In a push for increased student engagement, some faculty members are embracing new technologies as a potential solution to problems with traditional methods of teaching. The effort comes in the midst of several technology-centered initiatives to “develop a better understanding of how best to educate [students] in a full range of media,” as part of the college’s strategic plan.
According to Jaya Kannan, the director of Technology for Curriculum and Research, the new technologies encompass a broad range of tools and devices meant to combat many different obstacles in pedagogy — examples include the use of virtual reality, video games and podcasts, as well as the increased application of long-standing technologies like Moodle or other online interaction platforms.
“If you took just virtual reality as a case study to show these innovative practices, I think what is interesting is that every discipline is different in how they use it, and every pedagogical angle is different,” said Kannan.
In neuroscience professor Josef Trapani’s neurophysiology class, students have used virtual reality to simulate stressful environments and measured their physiological responses to the fabricated situations. The point, he said, was to acquaint students with basic lab techniques in an engaging manner.
“It was a neat way to start off the semester, yet it still had a lot of great pedagogical outcomes,” Trapani said. “My career is built on doing experiments like this, and something like this is much more enjoyable than more basic, routine experiments. Learning doesn’t have to be this arduous thing.”
“Student learning is my ultimate goal,” he added. “I don’t do it for the sake of technology. I want to do it if it’s actually impacting the learning. I want students to learn things through it. Everything I do in the class is around that actual point.”
Religion professor Andrew Dole also worked with virtual reality to improve the student experience, creating a distraction-free environment where students could read and mark up long-form digital texts as if they were physical copies.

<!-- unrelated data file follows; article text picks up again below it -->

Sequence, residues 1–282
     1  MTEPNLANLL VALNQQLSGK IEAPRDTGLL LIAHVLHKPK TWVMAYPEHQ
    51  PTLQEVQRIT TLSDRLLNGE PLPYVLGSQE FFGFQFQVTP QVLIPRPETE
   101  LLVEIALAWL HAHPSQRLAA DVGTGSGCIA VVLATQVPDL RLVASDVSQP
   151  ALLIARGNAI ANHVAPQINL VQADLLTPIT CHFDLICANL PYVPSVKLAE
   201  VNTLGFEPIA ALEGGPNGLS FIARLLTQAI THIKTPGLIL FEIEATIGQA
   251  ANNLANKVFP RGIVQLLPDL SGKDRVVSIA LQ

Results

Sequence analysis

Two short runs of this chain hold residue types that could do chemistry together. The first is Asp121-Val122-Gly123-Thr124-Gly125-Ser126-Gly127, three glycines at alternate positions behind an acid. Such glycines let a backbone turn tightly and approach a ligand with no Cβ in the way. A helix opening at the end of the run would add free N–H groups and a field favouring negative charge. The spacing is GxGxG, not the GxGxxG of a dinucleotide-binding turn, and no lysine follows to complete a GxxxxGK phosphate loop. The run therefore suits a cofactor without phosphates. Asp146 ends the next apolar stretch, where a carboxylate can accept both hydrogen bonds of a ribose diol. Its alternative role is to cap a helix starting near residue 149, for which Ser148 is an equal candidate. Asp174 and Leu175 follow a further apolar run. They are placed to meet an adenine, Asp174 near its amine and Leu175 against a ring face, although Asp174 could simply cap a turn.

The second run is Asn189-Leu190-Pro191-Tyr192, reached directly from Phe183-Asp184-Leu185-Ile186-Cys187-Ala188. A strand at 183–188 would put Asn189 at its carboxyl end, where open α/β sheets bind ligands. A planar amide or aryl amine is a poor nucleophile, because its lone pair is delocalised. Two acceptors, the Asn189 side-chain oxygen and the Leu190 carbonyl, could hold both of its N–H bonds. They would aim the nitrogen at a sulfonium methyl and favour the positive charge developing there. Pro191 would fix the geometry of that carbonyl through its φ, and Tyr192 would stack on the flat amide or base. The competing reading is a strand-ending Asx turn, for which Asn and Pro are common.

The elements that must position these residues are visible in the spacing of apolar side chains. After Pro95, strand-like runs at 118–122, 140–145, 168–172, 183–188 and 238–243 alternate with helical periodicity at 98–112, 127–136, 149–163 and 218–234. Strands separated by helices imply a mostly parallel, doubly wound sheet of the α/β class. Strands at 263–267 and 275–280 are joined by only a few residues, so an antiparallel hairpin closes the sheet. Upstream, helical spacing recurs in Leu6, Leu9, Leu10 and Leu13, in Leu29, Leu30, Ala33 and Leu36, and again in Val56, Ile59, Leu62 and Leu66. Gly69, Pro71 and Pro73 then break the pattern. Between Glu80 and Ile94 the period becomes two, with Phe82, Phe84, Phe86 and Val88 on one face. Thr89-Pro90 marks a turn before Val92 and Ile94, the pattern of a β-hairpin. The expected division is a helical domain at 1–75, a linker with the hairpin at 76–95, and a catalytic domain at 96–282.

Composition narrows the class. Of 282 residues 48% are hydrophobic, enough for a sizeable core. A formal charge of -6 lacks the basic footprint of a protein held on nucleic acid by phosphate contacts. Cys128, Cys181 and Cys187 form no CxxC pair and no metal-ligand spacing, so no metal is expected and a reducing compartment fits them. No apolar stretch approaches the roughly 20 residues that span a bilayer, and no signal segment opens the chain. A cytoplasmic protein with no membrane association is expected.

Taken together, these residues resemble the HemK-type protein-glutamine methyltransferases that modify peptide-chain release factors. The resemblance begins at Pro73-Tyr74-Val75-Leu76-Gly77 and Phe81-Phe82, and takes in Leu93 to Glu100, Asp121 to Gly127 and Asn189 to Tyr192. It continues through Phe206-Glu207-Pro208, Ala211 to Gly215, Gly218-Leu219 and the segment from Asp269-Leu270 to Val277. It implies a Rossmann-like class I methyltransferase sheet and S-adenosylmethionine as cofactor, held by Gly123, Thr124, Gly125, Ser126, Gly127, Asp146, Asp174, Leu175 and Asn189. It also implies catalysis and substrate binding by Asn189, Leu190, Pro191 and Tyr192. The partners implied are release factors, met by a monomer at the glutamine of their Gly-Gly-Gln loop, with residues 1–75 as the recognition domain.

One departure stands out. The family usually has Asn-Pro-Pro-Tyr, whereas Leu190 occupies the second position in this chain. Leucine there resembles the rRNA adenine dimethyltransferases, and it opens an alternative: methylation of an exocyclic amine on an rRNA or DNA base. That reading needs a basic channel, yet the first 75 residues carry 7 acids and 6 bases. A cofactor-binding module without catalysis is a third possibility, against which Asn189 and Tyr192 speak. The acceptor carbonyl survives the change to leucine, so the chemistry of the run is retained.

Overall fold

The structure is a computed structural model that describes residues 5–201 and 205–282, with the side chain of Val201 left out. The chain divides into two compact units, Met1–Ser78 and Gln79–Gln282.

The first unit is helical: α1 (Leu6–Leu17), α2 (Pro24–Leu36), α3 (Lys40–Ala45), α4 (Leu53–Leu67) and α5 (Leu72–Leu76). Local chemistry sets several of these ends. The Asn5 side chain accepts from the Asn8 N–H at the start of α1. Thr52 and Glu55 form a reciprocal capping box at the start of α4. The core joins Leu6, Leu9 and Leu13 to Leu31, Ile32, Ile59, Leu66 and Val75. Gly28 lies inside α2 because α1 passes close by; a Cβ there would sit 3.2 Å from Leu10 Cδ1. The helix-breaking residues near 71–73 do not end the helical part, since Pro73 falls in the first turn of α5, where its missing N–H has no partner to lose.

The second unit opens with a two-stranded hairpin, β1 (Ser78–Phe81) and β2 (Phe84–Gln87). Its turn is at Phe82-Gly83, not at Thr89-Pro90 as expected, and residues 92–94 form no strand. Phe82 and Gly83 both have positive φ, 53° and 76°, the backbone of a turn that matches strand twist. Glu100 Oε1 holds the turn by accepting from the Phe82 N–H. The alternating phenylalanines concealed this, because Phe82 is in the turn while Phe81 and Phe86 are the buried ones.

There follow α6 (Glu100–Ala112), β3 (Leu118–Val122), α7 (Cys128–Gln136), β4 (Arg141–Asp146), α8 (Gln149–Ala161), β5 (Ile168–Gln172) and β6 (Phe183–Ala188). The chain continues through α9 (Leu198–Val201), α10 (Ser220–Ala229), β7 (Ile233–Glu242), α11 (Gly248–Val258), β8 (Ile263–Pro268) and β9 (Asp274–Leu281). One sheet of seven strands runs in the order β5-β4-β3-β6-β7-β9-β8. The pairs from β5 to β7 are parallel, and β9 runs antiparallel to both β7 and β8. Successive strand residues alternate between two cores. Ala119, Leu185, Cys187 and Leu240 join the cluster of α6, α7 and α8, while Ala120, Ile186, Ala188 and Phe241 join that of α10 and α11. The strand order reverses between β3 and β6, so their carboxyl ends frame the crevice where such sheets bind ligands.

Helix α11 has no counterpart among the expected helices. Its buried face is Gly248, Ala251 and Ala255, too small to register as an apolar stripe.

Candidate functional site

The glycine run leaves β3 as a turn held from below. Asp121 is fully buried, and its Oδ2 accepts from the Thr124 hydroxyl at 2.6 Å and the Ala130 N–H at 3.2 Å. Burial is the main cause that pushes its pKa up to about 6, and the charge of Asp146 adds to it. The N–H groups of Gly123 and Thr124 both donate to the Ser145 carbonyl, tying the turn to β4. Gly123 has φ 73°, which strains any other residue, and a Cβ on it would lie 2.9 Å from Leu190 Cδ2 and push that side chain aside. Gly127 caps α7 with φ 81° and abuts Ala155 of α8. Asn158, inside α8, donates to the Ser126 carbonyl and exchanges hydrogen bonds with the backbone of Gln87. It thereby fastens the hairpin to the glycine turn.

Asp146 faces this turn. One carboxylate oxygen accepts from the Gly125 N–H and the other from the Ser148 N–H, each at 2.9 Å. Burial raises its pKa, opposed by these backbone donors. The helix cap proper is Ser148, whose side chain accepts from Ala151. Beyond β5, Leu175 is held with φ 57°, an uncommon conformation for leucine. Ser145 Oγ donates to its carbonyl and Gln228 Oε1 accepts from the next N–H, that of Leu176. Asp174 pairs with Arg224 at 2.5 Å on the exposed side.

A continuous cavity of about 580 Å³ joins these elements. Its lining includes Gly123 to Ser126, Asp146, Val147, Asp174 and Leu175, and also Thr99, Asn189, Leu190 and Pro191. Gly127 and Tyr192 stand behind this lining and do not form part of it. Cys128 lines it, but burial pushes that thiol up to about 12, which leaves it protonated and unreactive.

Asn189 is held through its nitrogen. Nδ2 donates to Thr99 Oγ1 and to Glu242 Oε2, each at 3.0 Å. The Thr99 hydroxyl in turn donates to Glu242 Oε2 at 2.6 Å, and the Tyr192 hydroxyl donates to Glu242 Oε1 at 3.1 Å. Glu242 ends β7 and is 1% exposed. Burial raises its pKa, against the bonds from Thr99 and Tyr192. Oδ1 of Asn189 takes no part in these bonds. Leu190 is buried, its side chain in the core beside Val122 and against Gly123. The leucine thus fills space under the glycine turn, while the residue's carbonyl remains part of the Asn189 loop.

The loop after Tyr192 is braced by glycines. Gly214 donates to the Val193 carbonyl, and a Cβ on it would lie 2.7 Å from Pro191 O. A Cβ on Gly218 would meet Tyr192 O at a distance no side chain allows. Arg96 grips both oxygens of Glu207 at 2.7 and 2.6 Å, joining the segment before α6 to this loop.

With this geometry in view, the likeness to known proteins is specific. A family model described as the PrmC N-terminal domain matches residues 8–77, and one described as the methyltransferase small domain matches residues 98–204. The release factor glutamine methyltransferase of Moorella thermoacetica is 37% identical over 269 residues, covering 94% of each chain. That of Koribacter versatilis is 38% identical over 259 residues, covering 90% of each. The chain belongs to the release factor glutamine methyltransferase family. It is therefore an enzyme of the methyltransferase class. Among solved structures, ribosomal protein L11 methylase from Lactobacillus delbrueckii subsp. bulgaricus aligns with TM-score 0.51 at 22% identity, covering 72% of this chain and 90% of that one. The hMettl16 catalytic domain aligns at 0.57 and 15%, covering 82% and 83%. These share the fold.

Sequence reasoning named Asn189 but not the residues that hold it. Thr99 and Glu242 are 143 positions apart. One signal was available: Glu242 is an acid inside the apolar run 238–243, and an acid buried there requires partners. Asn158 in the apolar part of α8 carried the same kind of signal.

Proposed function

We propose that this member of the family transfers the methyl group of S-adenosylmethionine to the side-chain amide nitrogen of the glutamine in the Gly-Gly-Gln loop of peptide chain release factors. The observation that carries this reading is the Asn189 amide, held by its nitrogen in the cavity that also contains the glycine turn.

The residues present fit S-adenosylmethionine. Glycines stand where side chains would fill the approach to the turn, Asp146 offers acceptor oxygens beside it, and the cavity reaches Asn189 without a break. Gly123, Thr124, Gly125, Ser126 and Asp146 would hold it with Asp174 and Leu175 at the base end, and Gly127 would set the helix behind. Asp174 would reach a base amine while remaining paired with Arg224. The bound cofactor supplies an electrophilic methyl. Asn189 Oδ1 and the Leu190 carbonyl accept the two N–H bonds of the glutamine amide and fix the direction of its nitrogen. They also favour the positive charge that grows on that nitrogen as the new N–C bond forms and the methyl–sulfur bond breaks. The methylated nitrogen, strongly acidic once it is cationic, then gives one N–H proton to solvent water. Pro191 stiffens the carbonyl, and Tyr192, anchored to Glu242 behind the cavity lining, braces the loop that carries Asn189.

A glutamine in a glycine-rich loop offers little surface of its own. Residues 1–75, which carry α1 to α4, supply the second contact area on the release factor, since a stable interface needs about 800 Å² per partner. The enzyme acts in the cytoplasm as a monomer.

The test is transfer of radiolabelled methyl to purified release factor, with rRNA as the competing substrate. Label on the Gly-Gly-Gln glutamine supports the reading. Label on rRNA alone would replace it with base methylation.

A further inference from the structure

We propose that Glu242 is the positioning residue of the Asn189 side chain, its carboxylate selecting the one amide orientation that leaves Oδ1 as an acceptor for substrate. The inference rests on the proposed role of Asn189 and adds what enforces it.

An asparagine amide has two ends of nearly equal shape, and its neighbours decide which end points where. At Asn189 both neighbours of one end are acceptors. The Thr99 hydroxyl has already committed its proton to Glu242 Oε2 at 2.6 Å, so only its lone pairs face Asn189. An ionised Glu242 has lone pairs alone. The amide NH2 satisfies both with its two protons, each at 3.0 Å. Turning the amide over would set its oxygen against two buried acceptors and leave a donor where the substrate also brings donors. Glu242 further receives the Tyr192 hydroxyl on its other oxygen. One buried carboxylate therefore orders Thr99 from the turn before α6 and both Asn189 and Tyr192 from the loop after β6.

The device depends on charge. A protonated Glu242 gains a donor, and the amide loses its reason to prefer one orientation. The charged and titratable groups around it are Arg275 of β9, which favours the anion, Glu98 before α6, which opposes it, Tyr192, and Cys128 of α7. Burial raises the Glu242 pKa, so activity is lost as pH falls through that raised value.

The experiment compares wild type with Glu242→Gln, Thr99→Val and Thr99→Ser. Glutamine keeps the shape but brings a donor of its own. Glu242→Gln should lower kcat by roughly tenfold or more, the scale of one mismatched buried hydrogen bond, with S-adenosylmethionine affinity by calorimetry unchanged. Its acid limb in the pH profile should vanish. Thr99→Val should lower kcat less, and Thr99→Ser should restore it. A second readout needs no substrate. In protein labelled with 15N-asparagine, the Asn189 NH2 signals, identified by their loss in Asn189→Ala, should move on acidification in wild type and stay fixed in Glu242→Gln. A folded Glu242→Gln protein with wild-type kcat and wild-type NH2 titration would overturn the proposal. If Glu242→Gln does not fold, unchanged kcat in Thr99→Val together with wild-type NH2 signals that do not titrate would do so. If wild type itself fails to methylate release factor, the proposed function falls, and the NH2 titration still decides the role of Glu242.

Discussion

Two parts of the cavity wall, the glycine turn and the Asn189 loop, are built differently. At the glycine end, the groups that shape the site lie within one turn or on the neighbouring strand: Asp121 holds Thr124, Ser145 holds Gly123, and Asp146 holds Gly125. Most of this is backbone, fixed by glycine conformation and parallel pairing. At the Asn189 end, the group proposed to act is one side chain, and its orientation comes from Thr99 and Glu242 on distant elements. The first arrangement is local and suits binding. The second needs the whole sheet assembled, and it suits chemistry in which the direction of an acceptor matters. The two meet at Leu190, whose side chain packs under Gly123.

Currently, this technology has not been used by students due to what Dole described as “ergonomic limitations in the hardware and mobility issues,” but he does hope to refine the tool when he is given the chance.
Dole sees this use of virtual reality as a way to counter some of the negative effects of current technologies, noting the double-edged nature inherent in many new innovations.
“Technology — it makes certain things possible and it makes certain things difficult,” he said. “New technology has not been good for the skills and practices that classically go into a humanistic education, which involve being able to focus for a long time on lengthy texts that contain complex thoughts.”
Though the response to new technologies has been mostly positive, students also share Dole’s mixed view of technology.
Emily Park ’19 took a class on video games with English professor Marisa Parham last year and agreed on the importance of connecting new technologies with relevant classroom material.
“This was a video games course, so students had to play video games on consoles and such, which isn’t all that common in most classes,” she said. “However, the topic matter of the course lent itself nicely to thinking about a commonly-used technology in a different way.”
On the other hand, Aahnix Bathurst ’19, who is taking one of Trapani’s courses with virtual reality, expressed ambivalence over these projects, saying that “it’s amazing for visual learners, but for more tactile learners, it’s not too good.”
In a broader sense, he noted that “virtual reality, while incredible at delivering experiences for people who otherwise wouldn’t be able to participate due to lack of resources, cannot compensate for the act of actually doing whatever is simulated.”
Trapani also observed that the structure of his use of virtual reality is “very visual,” which could pose problems, especially with students who are visually impaired. “With every bit of technology, there’s going to come some limitations. Being aware of them — being aware of who your learners are, and how those limitations your different learners is key,” he said. “I’m still learning about better ways to teach, especially for methods so that I can reach all students in the classroom.”
For new technologies outside of virtual reality, many of the same attitudes seem to apply in the minds of students and faculty. In a general sense, Kannan noted that “when faculty members do bring in technology, it’s a very clear and meaningful application — they have a clear pedagogical purpose,” in accordance with faculty responses to virtual reality.
For both Trapani and Dole, more development, investment and innovation in virtual reality would allow them to use technology more broadly in their teaching. Trapani would hope to expand his virtual reality experiment “into a multi-week lab,” he said, and Dole would use his reading tool more generally across his classes.
Still, Kannan said students and faculty should not lose sight of the fundamental goals involved with the use of technology in education.
“One thing we are worried about now is ensuring equal access. And not all tools are accessible,” she said. “We must be mindful of that when working with faculty.”